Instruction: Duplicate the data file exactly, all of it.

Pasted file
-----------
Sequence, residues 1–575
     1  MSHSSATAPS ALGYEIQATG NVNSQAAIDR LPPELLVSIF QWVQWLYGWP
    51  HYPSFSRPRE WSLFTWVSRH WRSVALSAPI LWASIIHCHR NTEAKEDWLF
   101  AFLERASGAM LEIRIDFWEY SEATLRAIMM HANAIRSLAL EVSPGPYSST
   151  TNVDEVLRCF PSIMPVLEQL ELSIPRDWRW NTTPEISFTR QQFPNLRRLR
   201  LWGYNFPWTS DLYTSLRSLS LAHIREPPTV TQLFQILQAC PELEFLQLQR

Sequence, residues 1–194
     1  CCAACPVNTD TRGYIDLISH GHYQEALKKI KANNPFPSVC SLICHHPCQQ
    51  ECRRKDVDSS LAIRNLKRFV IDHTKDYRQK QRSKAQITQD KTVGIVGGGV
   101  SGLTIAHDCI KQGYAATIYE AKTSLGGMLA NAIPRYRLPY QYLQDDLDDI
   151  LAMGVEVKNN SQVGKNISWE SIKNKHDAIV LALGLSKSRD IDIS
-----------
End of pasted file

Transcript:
Sequence, residues 1–575
     1  MSHSSATAPS ALGYEIQATG NVNSQAAIDR LPPELLVSIF QWVQWLYGWP
    51  HYPSFSRPRE WSLFTWVSRH WRSVALSAPI LWASIIHCHR NTEAKEDWLF
   101  AFLERASGAM LEIRIDFWEY SEATLRAIMM HANAIRSLAL EVSPGPYSST
   151  TNVDEVLRCF PSIMPVLEQL ELSIPRDWRW NTTPEISFTR QQFPNLRRLR
   201  LWGYNFPWTS DLYTSLRSLS LAHIREPPTV TQLFQILQAC PELEFLQLQR

Sequence, residues 1–194
     1  CCAACPVNTD TRGYIDLISH GHYQEALKKI KANNPFPSVC SLICHHPCQQ
    51  ECRRKDVDSS LAIRNLKRFV IDHTKDYRQK QRSKAQITQD KTVGIVGGGV
   101  SGLTIAHDCI KQGYAATIYE AKTSLGGMLA NAIPRYRLPY QYLQDDLDDI
   151  LAMGVEVKNN SQVGKNISWE SIKNKHDAIV LALGLSKSRD IDIS